The high school athletic dead period taking place this week has a different effect on everybody.
While local athletes tend to spread out because they know this break from training won't be much more than a fading memory in little to no time at all, more recognizable individuals like St. Louis native Devon Alexander have been on hiatus from the World Boxing Council since 2015 with no end in sight. Those facts aren't likely to change any time soon, either, considering he lost his last two fights by Unanimous Decision to Aaron Martinez and Amir Kahn, the first of which was for the WBC title.
Maybe that's for the best considering when I saw him fight Tim Bradley on Jan. 29, 2011, at the Pontiac Silverdome he was so swollen and bruised he didn't even attend the post-fight press conference. While Alexander did get cut that bout by an accidental head collision, it seems fitting that just two years later the roof collapsed on that building and now it's in such a state of decay there's already a movie coming out about it co-produced by Texas Tech head football coach Cliff Kingsbury.
Former University of Missouri wrestler Ben Askren, on the other hand, absolutely plowed through the Bellator Fighting Championships to win that organization's Mixed Martial Arts welterweight title before earning that same standing with One Fighting Championships in Singapore. Now the Wisconsin native (16-0-1) plans to defend his belt on Sept. 2 in Shanghai according to thefightnation.com, and while his opponent has not been announced yet, one possibility could be Zebaztion Kadestam (9-3).
Currently Askren is on top of the world and known for being in such great shape that he doesn't need as much time as other athletes to prepare for a fight. It hasn't always been that way, though. There was a time when the former Tiger won the first seven bouts of his career en-route to claiming the Bellator 170 lb. title, only to be given his release soon after for not being dynamic enough in the ring.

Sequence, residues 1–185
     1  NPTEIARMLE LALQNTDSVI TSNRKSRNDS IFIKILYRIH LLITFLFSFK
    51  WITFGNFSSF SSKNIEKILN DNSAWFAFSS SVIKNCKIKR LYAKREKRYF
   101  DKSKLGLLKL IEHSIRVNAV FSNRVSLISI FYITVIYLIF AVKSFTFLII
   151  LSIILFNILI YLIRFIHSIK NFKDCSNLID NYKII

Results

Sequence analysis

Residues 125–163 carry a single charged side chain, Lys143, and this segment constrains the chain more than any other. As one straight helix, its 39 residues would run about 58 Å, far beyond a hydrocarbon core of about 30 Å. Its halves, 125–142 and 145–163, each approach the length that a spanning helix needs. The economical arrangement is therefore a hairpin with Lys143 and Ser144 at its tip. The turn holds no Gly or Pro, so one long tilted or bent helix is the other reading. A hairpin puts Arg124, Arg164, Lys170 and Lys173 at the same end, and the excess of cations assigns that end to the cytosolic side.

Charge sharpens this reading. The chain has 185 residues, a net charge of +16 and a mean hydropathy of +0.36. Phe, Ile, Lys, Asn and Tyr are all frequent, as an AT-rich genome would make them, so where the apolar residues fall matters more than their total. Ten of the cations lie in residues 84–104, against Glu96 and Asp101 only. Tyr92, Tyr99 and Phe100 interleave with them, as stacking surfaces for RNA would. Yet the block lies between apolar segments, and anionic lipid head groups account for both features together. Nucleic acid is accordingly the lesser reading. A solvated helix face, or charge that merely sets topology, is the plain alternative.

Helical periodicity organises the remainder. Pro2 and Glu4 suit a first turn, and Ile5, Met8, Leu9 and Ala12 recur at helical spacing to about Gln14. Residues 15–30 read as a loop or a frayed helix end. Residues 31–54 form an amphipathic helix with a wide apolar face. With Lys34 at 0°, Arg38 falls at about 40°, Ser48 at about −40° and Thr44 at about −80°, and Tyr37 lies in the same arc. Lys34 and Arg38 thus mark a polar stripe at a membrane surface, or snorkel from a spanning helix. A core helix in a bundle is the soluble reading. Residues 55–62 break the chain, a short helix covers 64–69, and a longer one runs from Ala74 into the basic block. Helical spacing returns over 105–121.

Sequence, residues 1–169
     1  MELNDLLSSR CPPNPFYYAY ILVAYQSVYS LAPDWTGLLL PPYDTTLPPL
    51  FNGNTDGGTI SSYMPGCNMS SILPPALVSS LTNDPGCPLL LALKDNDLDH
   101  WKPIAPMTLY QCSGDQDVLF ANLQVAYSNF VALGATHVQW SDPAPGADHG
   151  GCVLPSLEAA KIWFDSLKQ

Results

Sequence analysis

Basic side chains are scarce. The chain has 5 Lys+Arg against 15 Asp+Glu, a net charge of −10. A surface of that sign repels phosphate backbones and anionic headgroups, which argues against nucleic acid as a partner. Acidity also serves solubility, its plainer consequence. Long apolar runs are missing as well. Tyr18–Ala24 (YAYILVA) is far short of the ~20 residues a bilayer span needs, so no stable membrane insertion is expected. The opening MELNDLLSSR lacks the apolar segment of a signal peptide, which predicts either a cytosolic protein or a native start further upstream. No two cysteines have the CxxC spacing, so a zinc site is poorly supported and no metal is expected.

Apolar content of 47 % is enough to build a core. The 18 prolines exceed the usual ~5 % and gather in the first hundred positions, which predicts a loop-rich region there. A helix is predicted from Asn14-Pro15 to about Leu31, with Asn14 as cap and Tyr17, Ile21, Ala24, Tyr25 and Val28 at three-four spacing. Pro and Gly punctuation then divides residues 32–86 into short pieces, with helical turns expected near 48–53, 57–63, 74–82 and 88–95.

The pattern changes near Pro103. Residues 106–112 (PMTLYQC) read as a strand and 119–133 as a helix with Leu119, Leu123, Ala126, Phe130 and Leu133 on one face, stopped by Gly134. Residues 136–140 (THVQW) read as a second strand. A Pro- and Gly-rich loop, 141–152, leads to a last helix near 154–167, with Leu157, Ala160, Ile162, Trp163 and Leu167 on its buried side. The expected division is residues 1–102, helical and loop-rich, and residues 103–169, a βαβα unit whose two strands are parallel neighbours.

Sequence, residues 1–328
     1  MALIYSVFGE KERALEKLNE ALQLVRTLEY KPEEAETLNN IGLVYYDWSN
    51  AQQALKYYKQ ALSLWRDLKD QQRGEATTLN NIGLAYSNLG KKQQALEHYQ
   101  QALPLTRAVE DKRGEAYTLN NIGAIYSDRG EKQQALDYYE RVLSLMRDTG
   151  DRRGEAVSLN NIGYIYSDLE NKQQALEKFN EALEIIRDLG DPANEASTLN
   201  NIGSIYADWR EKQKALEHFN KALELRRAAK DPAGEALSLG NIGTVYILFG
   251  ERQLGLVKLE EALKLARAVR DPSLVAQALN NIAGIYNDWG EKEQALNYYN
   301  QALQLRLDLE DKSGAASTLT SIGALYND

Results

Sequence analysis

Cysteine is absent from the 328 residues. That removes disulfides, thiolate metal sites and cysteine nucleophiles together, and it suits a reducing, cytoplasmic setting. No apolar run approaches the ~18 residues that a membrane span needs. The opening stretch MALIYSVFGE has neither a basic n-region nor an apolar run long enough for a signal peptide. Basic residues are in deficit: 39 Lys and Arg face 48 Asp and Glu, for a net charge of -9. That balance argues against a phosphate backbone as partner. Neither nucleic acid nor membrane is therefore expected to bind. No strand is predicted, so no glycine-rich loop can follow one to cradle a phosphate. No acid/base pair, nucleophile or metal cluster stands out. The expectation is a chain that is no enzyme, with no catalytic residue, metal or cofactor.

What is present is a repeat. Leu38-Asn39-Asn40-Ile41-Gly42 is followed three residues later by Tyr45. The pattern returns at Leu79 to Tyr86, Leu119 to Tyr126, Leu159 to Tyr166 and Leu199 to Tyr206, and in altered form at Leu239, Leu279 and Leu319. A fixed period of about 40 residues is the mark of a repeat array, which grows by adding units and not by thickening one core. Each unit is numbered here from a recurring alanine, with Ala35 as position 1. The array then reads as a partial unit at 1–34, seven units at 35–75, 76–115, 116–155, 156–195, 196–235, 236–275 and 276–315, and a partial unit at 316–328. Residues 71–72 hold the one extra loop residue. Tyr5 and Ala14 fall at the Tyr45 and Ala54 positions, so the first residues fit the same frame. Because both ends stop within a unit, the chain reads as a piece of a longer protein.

When Ultimate Fighting Championships President Dana White then called him boring and refused to sign the free agent, Askren literally had to go to the other side of the planet to find work. Fortunately for him, he wasn't just accepted. Instead, the fans of One FC truly embraced Askren and its been that way ever since.
Even though the Mizzou product is presently living large, that doesn't mean his success has gotten the proper recognition. For example, when I met Askren at Perani Arena in 2014 in Flint, Mi., he was serving in a dual role as matchmaker and announcer for AGON Wrestling Championships.
The show was headlined by University of Iowa Olympic hopeful Brent Metcalf against University of South Dakota head coach Chris Bono, and while the Hawkeye grad was on his game that day, it didn't take long before that organization was out of business.
The depth to the ventures Askren's been a part of are still rather impressive regardless of whether you're a fan of MMA or submission grappling. But the accomplishment that truly helps put everything into perspective is the fact he was involved with the Professional Disc Golf Association from 2005-11.
That being said, unless you're Steve Bartman, the guy who reached from the stands to block Moises Alou from making an important catch along the left field foul line for the Chicago Cubs all those years ago, there's not much in life that can't be overcome. Getting knocked down is never something to be ashamed of. How you get up, on the other hand, is a defining trait people are going to use to measure your character both now and forever.